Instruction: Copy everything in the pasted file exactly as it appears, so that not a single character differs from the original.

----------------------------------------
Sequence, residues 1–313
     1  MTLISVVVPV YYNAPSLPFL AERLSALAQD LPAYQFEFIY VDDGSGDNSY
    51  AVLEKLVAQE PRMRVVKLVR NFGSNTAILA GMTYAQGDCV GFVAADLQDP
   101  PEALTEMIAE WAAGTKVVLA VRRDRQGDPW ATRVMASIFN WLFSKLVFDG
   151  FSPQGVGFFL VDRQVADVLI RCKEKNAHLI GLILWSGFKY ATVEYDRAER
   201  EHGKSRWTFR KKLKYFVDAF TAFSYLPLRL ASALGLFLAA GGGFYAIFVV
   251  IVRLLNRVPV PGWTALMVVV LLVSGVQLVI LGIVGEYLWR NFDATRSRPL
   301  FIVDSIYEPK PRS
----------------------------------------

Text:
Sequence, residues 1–313
     1  MTLISVVVPV YYNAPSLPFL AERLSALAQD LPAYQFEFIY VDDGSGDNSY
    51  AVLEKLVAQE PRMRVVKLVR NFGSNTAILA GMTYAQGDCV GFVAADLQDP
   101  PEALTEMIAE WAAGTKVVLA VRRDRQGDPW ATRVMASIFN WLFSKLVFDG
   151  FSPQGVGFFL VDRQVADVLI RCKEKNAHLI GLILWSGFKY ATVEYDRAER
   201  EHGKSRWTFR KKLKYFVDAF TAFSYLPLRL ASALGLFLAA GGGFYAIFVV
   251  IVRLLNRVPV PGWTALMVVV LLVSGVQLVI LGIVGEYLWR NFDATRSRPL
   301  FIVDSIYEPK PRS